Brahmanic methods of Conversion

H. H. Risley has given a vivid description of methods of social control and mimesis of Brahmins over the Indian masses, which deserved to be quoted in toto.:

"Brahmanism knows noting of open proselytism or forcible conversion, and attains its end in a different and more subtle fashion, for which no precise analogue can be found in the physical world. It leaves existing aggregates very much as they were, and so far from welding them together, after the manner of Islam, into large cohesive aggregates, tends rather to create an indefinite number of fresh groups; but every tribe that passes within the charmed circle of Hinduism is inclined sooner or later to abandon its more primitive usages or to clothe them in some Brahmanical disguise. The strata, indeed, remain, or are multiplied; their relative positions are on the whole unaltered; only their fossils are metamorphosed into more advanced forms.

"One by one the ancient totems drop off, or are converted by a variety of ingenious devices into respectable personages of the standard mythology; the fetish gets a new name, and is promoted to the Hindu Pantheon in the guise of a special incarnation of one of the greater gods; the tribal chief sets up a family priest, starts a more or less romantic family legend, in course of time blossoms forth as a new variety of Rajput. His people follow his lead, and make haste to sacrifice their women at the shrine of social distinction. Infant marriage with all its attendant horrors is introduced; widows are forbidden to marry again and divorce, which plays a great and, on the whole, a useful part in tribal society, is summarily abolished. Throughout all these changes, which strike deep into the domestic life of people, the fiction is maintained that no real change has taken place, and every one believes, or affects to believe, that things are with them as they have been since the beginning of time. It is curious to observe that the operation of these tendencies has been quickened, and the sphere of their action enlarged by the great expansion of railways which has taken place in India during the last few years."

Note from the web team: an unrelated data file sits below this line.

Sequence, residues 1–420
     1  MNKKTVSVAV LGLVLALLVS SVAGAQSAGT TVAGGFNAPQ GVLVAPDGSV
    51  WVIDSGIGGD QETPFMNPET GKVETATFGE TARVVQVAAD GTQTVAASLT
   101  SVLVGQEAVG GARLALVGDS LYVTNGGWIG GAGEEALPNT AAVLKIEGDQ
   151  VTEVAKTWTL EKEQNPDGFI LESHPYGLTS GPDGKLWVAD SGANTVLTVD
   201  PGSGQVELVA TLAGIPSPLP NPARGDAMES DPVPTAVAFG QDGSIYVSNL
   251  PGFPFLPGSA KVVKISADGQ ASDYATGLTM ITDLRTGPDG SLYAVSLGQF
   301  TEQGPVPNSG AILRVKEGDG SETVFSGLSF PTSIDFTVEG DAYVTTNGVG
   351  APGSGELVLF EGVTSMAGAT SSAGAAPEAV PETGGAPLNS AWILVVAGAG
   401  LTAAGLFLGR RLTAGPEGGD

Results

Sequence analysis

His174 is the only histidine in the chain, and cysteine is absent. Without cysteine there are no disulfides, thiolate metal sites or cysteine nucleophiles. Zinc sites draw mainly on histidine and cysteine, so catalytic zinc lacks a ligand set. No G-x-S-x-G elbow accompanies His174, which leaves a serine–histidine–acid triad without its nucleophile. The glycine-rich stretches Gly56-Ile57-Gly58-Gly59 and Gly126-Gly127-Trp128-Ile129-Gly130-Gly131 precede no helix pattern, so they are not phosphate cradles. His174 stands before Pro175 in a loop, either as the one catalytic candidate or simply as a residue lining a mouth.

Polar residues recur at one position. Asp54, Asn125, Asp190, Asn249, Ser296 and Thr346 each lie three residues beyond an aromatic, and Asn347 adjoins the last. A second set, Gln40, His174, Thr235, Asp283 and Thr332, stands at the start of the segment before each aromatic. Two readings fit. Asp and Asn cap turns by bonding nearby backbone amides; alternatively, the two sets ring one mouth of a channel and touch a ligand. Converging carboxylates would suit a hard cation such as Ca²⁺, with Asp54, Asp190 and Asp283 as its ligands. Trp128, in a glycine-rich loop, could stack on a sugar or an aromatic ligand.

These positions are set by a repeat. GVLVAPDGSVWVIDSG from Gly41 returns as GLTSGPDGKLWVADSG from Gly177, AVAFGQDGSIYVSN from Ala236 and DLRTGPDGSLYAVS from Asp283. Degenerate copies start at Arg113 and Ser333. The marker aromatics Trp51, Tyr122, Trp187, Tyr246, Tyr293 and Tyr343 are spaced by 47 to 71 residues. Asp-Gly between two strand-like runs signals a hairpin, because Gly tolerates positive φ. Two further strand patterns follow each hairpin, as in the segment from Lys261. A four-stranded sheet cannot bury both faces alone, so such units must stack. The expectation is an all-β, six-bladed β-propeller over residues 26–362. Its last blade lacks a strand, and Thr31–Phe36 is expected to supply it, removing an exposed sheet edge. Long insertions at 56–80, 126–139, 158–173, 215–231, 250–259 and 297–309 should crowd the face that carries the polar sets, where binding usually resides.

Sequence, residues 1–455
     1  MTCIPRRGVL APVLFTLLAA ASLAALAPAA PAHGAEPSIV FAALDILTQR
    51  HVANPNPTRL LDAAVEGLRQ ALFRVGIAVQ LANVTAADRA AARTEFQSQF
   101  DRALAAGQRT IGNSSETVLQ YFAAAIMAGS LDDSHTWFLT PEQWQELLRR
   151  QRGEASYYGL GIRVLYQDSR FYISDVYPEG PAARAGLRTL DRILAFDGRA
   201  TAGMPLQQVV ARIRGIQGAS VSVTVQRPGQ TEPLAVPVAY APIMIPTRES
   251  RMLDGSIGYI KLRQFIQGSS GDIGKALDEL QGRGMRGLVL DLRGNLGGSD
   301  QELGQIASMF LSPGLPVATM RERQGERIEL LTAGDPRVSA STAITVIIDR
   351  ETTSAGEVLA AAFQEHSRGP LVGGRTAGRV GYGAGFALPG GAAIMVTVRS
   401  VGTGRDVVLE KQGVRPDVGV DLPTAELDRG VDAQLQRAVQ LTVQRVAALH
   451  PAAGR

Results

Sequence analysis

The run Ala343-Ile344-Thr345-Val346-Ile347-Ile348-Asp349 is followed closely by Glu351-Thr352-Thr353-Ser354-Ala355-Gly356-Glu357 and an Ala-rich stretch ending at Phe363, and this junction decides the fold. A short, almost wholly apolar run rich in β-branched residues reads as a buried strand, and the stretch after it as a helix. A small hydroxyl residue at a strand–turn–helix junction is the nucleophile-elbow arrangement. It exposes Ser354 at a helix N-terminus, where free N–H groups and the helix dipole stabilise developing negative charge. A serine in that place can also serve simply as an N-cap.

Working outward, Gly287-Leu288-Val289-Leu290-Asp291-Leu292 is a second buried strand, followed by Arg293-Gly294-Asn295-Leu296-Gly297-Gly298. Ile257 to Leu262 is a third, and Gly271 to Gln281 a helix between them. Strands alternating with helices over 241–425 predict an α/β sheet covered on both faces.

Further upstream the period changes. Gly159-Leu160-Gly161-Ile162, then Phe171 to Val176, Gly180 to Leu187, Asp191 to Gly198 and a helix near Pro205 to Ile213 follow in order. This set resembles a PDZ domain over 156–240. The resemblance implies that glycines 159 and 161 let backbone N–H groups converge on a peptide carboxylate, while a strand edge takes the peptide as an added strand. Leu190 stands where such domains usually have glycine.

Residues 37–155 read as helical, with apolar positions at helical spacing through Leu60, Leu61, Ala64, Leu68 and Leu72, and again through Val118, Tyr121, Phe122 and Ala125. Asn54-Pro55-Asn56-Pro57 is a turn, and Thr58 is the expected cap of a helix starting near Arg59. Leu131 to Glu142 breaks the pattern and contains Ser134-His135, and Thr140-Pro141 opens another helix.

"The leading men of an aboriginal tribe, having somehow got on in the world and became independent landed proprietors manage to enroll themselves in one of the leading castes, They usually set up as Rajputs; their first step being to start a Brahman priest, who invents for them a mythical ancestor supplies them with a family miracle connected with the locality where their tribe are settled, and discovers that they belong to some hitherto unheard-of clan of the great Rajput community. In the early stages of their advancement they generally find great difficulty in getting their daughters married, as they will not marry within their own tribe, and Rajputs of their adopted caste will of course not intermarry with them. But after a generation or two their persistency obtains its reward, and they intermarry, if not with pure Rajputs, at least with a superior order of manufactured Rajputs, whose promotion into the Brahmanical system dates far enough back for the steps by which it was gained to have been forgotten. Thus a real change of blood takes place; while in any case the tribal name is completely lost, and with it all possibility of accurately separating this class of people from the Hindus of purer bloods, and of assigning them to any particular non-Aryan tribe. They have absorbed in the fullest sense of the word, and henceforth pose, and are locally accepted, as high-caste Hindus. All stages of the process, family miracle and all can be illustrated by actual instances from the leading families in Chota Nagpur.